Los Angeles Kings right wing Marian Gaborik (12), of Slovakia, scores a goal as New York Rangers goalie Henrik Lundqvist, of Sweden,, left, looks on during the third period in Game 5 of the NHL Stanley Cup Final series Friday, June 13, 2014, in Los Angeles. (AP Photo/Mark J. Terrill)
LOS ANGELES, Calif. - The Los Angeles Kings won the Stanley Cup the hard way, ending their marathon playoff run with a double overtime thriller.
A post-season that started with the Kings having to dig themselves out of a three-game hole against San Jose ended Friday night in a 3-2 double-overtime triumph over the New York Rangers to seal their second Cup in three seasons.
The final lasted five games, with three going to overtime—including two double OT contests. It was the only playoff series that didn't go the distance for the Kings.
Alec Martinez's winner at 14:43 of the second overtime was a fitting conclusion to a post-season slog that saw the Kings run a gauntlet of Western Conference heavyweights before dispatching the speedy Rangers in the final.
It was the 26th game of the Los Angles playoff run, matching the single-year league record set by Philadelphia in 1987 and Calgary in 2004, who both lost seven-game series in the final. L.A. did set a record for most playoff games by a Cup winner.
The Kings had to go through a murderer's row in the West just to get to the final after finishing 10th in the league with a 46-26-8 record and 100 points. Los Angles had to get by San Jose (111 points), Anaheim (116) and defending champion Chicago (107) in one of the most gruelling post-season routes on record.
They overcame a 3-2 series deficit in the second round against Anaheim and rallied from 2-0, 3-2 and 4-3 deficits in Game 7 of the Western Conference final in Chicago.
Their latest campaign lasted 115 games, counting seven pre-season, 82 regular-season and a record 26 post-season contests.
Los Angeles went 7-0 in playoff elimination games along the way. Only the 1975 Islanders won more (eight).
The Kings are only the fourth team in playoff history to overcome a 3-0 series deficit in rallying to beat the Sharks in the first round. And they are the first team to play—and win—three Game 7s on the road in a single post-season.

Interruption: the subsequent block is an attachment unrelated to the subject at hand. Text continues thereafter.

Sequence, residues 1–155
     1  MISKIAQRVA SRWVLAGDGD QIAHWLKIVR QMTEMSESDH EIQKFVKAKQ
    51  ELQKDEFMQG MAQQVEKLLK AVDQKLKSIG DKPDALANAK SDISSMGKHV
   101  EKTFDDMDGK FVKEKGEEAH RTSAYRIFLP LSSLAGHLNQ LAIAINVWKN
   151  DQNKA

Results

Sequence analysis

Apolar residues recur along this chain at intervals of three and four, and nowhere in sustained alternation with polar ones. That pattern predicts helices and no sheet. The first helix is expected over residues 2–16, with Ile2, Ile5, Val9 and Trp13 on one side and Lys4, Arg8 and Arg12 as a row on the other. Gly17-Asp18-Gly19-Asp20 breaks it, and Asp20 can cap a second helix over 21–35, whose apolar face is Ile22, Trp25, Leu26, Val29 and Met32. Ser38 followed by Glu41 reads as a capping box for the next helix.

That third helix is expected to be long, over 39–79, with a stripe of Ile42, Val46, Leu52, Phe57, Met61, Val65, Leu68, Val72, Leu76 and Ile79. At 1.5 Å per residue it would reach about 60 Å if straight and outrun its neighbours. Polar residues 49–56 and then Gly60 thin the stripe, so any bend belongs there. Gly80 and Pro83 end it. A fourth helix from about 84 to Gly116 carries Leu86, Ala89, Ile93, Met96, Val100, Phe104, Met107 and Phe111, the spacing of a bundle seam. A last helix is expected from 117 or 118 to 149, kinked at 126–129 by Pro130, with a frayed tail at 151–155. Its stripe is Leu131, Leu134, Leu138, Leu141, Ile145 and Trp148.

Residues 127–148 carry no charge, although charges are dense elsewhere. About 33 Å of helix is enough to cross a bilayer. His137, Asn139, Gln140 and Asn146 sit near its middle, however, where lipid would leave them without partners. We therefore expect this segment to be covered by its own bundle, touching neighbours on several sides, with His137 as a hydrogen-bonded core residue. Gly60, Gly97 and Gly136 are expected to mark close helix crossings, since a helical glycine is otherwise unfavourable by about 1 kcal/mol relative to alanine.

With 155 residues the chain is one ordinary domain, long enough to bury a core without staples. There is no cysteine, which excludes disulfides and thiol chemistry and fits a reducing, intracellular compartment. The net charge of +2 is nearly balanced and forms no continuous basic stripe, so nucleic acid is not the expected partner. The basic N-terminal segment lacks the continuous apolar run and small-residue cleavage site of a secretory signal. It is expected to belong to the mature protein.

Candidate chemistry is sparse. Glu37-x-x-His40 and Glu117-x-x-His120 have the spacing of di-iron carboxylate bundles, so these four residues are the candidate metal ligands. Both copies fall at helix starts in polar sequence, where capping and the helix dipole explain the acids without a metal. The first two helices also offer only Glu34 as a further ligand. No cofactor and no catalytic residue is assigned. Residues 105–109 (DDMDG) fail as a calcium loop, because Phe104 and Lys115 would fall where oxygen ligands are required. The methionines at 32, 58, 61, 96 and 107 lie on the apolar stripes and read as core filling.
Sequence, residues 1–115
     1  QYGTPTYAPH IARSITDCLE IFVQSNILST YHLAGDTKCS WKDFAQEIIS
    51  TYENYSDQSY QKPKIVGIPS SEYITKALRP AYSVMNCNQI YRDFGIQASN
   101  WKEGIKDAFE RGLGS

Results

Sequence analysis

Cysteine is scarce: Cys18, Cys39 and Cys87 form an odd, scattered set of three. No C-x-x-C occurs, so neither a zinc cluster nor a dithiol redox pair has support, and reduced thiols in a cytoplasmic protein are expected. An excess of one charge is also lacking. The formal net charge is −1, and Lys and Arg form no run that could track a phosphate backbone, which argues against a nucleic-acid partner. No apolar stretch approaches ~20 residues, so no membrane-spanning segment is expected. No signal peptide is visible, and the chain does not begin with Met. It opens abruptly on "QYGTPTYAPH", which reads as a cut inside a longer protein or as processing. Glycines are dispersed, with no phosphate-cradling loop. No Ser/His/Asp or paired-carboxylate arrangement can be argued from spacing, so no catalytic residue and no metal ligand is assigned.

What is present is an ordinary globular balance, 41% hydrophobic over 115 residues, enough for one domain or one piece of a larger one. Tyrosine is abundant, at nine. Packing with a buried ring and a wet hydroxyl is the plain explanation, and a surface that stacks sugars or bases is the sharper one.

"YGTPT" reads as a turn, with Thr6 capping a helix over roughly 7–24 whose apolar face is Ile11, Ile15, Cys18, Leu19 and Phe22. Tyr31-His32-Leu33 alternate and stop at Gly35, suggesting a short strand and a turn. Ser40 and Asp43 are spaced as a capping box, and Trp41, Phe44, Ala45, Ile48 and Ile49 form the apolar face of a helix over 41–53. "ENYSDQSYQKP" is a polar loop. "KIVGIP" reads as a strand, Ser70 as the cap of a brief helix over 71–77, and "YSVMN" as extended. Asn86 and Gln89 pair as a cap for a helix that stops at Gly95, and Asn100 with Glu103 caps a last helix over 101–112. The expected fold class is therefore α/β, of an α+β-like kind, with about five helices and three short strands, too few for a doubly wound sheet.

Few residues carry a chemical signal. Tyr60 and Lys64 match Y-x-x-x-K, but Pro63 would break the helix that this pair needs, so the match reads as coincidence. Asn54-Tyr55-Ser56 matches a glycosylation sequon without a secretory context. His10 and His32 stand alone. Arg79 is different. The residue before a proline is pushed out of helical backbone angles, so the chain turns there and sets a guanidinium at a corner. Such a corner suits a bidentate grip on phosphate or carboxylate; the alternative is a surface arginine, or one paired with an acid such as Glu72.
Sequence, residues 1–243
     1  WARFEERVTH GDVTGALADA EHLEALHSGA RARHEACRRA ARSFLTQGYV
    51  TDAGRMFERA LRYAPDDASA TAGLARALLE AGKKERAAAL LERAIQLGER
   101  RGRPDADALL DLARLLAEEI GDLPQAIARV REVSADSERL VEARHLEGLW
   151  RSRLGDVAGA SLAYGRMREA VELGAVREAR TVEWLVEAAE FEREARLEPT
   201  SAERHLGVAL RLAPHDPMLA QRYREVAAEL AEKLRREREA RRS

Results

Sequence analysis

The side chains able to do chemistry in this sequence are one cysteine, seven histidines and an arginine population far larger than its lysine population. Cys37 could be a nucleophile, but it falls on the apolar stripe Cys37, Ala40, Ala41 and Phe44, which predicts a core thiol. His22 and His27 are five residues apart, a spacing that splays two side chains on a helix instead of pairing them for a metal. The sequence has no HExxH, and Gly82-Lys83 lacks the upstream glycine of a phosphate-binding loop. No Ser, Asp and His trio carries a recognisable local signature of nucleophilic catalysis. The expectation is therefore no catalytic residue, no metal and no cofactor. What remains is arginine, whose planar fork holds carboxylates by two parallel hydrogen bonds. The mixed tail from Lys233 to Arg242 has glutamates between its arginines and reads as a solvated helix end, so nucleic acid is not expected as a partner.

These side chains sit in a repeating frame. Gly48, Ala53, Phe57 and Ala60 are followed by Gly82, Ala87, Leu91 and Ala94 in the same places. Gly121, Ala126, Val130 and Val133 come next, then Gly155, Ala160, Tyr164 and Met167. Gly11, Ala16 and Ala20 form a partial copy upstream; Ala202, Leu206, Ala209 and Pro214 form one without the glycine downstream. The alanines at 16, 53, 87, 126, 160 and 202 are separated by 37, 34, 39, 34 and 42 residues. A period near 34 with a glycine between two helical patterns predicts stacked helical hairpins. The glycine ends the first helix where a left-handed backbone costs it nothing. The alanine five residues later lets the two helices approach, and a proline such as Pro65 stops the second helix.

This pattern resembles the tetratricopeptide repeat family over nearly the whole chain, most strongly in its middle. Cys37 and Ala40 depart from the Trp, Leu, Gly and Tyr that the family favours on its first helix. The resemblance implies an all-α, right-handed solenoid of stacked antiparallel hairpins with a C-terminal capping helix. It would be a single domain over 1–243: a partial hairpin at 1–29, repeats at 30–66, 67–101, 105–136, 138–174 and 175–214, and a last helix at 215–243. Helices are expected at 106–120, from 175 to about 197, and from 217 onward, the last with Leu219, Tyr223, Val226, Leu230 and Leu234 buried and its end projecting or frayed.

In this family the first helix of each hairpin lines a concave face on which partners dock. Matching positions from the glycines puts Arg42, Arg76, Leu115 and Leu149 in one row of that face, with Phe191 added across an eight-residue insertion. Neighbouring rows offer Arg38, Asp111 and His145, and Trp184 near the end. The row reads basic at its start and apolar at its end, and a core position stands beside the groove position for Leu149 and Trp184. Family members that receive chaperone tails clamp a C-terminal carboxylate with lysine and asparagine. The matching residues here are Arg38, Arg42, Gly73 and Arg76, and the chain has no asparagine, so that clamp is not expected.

Throughout it all burned the belief that if the Kings played their game, they knew they were tough to beat.
"We really earned it," said forward Justin Williams, named winner of the Conn Smythe Trophy as playoff MVP after opening the scoring with his ninth goal and 25th point of the post-season.
"It's been a wild year," said forward Jeff Carter. "A lot of hockey, a lot of ups and downs ... We had to dig deep. We really had to battle."
Like teammate Drew Doughty, Carter won Olympic gold and hoisted the Cup in 2014.
"A hell of a year," he said. "Couldn't ask for anything more."
Captain Dustin Brown hoisted the Cup first, then handed it off to veteran defenceman Robyn Regehr, a spectator since suffering an injury in Game 1 of the Anaheim series.
Brown sacrificed his body to get to the Cup, delivering 125 hits in the post-season. The native of Ithaca, N.Y., is the first U.S.-born captain to win multiple Stanley Cups.
Family and friends packed the ice as fans pressed their nose to the glass to watch the post-game partying. Coach Darryl Sutter watched with a smile, his son Christopher—who has Down Syndrome—hoisting the Cup in the celebration.
"You got to give these guys full marks," he said simply of his players.
The Kings squandered 3-0 series leads both times en route to hoisting the Cup. But they got the job done in five games—three wins coming via overtime—this time compared to six against New Jersey in 2012.